Horticultural Hints for April!
Ready your vegetable garden for sprint!
Ready your vegetable garden for spring! Repair any fence issues caused by winter damage. If you haven’t already done so, order seeds by phone or computer (though reports say seed companies are swamped with orders). Lay out your vegetable beds on paper to save time when the soil is ready to plant. This month, you can plant your "cold weather" crops, including spinach, peas and beets.
It’s easy to keep a safe six feet distance in your yard and garden, so get out there when the weather allows. Clean up your dead leaves, remove dead stalks from perennials that you left up to benefit birds – or because winter got here before you finished the fall clean-up.
Written and created by Betty Sanders.
For more horticultural suggestions for March and throughout the year, please
Plan ahead to Spring 2021!
This month, look around your garden and decide where more spring bulbs could provide welcome color. Then take one or more photos of the site, mark them up, and store the photos under a title such as "Where to plant next fall". A few minutes now will spare you trying to remember, six months from now, what you wished was there back in the spring.
Now’s the time to fertilize all your bulbs. A sprinkling of all-purpose organic fertilizer around bulb foliage now will help them build strength for the future. And, never cut down the foliage (or braid it) before it has yellowed, or you are prematurely removing the food source that builds next year’s flowers.
Plan additions and alterations to your home garden. Remember what you didn’t love last year? Put some time into finding solutions. Nurseries and their staffs, normally hard to reach at this time of year, are much more likely to be available on the phone or on line right now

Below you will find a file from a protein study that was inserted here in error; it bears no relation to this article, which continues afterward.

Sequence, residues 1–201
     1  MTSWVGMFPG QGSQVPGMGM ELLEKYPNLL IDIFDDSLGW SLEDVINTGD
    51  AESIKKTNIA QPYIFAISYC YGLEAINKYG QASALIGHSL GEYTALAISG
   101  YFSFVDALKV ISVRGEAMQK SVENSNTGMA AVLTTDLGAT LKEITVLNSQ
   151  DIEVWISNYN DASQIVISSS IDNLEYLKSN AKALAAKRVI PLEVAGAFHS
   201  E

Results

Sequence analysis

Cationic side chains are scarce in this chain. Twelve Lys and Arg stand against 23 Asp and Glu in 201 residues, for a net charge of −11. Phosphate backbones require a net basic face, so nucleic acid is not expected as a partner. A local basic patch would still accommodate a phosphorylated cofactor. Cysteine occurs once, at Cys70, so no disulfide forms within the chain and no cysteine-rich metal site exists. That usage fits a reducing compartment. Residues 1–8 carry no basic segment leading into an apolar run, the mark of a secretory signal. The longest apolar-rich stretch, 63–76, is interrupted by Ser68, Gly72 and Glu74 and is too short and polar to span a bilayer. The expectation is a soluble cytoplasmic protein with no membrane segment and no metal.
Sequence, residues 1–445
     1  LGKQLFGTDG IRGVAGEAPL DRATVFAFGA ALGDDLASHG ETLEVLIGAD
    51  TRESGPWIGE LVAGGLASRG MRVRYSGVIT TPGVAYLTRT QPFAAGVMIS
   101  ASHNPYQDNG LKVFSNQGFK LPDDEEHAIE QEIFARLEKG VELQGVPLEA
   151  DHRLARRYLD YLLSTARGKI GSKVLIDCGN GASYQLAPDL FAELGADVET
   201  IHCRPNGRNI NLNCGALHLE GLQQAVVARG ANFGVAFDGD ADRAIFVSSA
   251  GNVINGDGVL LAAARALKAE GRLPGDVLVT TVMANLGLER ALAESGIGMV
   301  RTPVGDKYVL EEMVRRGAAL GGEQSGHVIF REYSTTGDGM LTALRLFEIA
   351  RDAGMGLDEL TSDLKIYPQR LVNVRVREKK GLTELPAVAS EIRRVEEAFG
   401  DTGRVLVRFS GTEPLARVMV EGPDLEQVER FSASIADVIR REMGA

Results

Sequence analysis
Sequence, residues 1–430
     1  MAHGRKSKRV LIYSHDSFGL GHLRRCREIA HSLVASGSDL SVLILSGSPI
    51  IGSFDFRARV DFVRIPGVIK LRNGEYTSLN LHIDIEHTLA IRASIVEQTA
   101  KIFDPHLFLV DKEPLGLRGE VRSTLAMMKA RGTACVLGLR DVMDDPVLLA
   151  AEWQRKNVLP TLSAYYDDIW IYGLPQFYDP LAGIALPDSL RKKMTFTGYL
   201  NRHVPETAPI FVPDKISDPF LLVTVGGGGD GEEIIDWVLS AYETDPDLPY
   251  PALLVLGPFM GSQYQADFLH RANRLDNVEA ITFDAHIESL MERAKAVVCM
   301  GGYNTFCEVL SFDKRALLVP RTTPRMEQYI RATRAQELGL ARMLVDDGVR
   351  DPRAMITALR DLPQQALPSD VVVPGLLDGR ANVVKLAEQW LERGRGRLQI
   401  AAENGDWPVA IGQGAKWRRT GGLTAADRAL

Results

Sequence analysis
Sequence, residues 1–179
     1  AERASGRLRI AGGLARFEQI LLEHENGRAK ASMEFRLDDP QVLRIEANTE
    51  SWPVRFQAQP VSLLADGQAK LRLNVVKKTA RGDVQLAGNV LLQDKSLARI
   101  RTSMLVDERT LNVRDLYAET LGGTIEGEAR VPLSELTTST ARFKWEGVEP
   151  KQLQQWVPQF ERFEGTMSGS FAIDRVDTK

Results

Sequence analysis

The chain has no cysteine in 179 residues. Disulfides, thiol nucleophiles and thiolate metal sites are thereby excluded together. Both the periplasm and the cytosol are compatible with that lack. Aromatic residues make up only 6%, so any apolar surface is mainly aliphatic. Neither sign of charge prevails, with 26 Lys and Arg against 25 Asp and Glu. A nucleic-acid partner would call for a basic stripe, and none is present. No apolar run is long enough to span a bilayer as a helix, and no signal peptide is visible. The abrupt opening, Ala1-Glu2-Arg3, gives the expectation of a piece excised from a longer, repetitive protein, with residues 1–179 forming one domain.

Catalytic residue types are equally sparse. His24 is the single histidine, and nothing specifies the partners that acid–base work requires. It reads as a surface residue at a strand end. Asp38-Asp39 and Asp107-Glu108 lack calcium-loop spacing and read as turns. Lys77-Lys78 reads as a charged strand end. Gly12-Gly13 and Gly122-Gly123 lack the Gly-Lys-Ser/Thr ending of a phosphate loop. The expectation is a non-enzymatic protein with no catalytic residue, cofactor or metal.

Is it still too cold to garden, or do coronavirus concerns have you stuck inside? Watch the videos offered by Grow Native Massachusetts. For several years they have brought in experts on native plants such as Doug Tallamay, Larry Weaner, Claudia West, and Bill Cullina to speak at the Cambridge Library. Videos from these lectures are available (free!) on their website. Learn in the comfort and safety of your home. And you can always order their books online if you are hungry for more.
Finding very little to admire in the yard right now? Go hunting for some Mayflower plants. aka Trailing Arbutus. It is a low, shrubby plant that blooms early- to mid-spring with pink or white flowers. Each flower is male or female but you’ll need a hand lens to tell them apart. And don’t try to transplant it to your home woods – it doesn’t transplant. That trait is notable because it got the name Mayflower from some of those just off that boat!